Post-abortion examination showed a single placenta with dividing amniotic membranes attached to the center of the placenta. Four umbilical vessels traveled along the dividing amniotic membrane and inserted together into the placenta. Both twins had gastroschisis with conjoined intestine and a fused skin bridge in lower part of abdomen. Twin B was found to have hydrodermia, strephenopodia and a small intestine exstrophy fused with the small intestine of twin A (Fig. 3). Twin A was found to have bowel involving the small intestine and colon herniated into exocoelom. An urachal remnant was also found outside the lower part of the abdomen. This postabortion analysis confirmed the diagnosis of MD conjoined twins with BSA.
Discussion and conclusions
In the literature, MD conjoined twins are characterized by one chorionic and two amniotic cavities, the union of peritoneal cavities through an abdominal wall defect, conjoined intestine, and anorectal malformation [1,2,3,4,5,6,7,8,9]. 5 out of 9 cases were described as shared or bifurcated umbilical cord, 3 out of 9 cases were separated, and 1 out of 9 cases was not mentioned. Furthermore, 5 out of 9 previous cases were described as a single yolk sac, and the rest were not mentioned (Table 1). This case was diagnosed as MD conjoined twins because of the conjoined intestine and fused skin bridge in lower part of abdomen.
BSA is a severe abdominal wall defect and is associated with abnormal embryonic folding in the 5th week of gestation . It seems to be more common in twin pregnancies. Previous reports showed a large abdominal wall defect and herniation of the liver, bowels, or heart into the exocoelom [12,13,14]. However, none of the cases showed conjoined intestine or fused skin bridge, in contrast to the present case. Gastroschisis and intestine partly herniated into exocoelom in our case are consistent with characteristics of BSA.
3D ultrasonography assisted in revealing the entire appearance of both twins, including amnioticity, conjoined region and the location of umbilical vessels in the first trimester. However, this may not always prove feasible early in the first trimester, which may show limited fetal movement and unclear position of the herniated abdominal mass, as in our case. The diagnosis of BAS in MD conjoined twins was not clear until we found the bowel-like mass lying in the exocoelom at 13 + 2 weeks.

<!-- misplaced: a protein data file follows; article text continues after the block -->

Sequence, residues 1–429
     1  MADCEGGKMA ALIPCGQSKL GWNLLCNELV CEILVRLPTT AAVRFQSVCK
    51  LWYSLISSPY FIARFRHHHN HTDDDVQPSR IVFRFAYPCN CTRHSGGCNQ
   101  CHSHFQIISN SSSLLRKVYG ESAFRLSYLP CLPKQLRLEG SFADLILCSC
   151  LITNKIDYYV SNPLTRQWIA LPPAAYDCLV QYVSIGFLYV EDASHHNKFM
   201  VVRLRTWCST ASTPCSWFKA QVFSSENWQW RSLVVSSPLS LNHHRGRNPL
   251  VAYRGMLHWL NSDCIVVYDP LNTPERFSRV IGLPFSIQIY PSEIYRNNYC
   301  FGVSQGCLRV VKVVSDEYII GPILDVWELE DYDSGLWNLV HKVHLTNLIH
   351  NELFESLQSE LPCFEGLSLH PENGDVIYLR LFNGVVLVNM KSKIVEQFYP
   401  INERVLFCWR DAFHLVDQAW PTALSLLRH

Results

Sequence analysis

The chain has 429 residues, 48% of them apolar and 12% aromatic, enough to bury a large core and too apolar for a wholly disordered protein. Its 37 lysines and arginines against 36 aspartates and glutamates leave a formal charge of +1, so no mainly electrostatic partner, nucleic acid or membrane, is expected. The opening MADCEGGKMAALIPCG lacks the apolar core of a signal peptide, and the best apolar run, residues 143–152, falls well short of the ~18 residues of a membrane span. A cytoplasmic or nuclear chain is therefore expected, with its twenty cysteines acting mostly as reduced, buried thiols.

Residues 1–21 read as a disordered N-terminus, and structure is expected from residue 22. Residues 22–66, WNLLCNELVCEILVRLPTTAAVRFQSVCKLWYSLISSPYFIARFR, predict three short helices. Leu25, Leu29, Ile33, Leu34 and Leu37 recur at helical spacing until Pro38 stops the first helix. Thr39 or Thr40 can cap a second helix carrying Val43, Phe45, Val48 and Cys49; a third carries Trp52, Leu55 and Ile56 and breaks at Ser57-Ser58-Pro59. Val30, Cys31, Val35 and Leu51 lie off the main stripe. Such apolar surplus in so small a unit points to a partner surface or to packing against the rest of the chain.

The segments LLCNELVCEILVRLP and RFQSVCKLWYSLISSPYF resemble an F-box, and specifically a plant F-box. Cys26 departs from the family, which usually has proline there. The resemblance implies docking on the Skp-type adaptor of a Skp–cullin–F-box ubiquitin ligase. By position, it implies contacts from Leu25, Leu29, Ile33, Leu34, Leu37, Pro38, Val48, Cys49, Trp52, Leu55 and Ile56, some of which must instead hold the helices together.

Fission and fusion models have been proposed to explain the embryogenesis of MD conjoined twins. The fission hypothesis  speculates that there is only one amniotic cavity with two embryos conjoined at specific sites. During embryo folding, a crease develops between the two embryos, and the amniotic cavity is divided into two. This hypothesis cannot explain gastroschisis and urachal remnant at the lower part of the abdomen visible by ultrasonography. The fusion hypothesis  stipulates that the infraumbilical abdominal wall forms in the area of allantois and the caudal part of yolk sac. Fusion in this area disturbs the development of the infraumbilical abdominal wall and induces conjoining of adjacent intestines, leading to MD conjoined twins. Our case had a single yolk sac, which may provide insights into how those anomalies developed. In the literature, yolk sac number can predict amnionicity , however, a single yolk sac in MD conjoined twins may be associated with a higher risk of congenital defects . Shen et al.  speculate that yolk sac formation occurs before the differentiation of amnion and after that of chorion. They suggested that the splitting occurs after chorion and before amnion differentiation. As a consequence, only one yolk sac develops, with one chorionic and two amniotic cavities. We speculate that the single yolk sac in our case explains the single allantois, since the allantois is a small diverticulum of the caudal part of the yolk sac. We hypothesize that the single yolk sac and its allantois induce this fusion  and form common body stalk (Fig. 4). This may indicate common umbilical vessels and herniated intestines in the exocoelom, suggesting a BSA in MD conjoined twins.
Considering the uniformly fatal nature of MD conjoined twins with BSA, early prenatal diagnosis is critical for averting complications during pregnancy. Additional work is needed to explore the mechanisms behind this anomaly and to understand its epidemiology and risk factors.
Availability of data and materials
body stalk anomaly
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Xiang, G., Wen, Y., Zhang, L. et al. Three-dimensional ultrasonographic features of diamniotic conjoined twins with body stalk anomaly. BMC Pregnancy Childbirth 20, 221 (2020). https://doi.org/10.1186/s12884-020-02920-0
- Conjoined twins
- Yolk sac
- Body stalk anomaly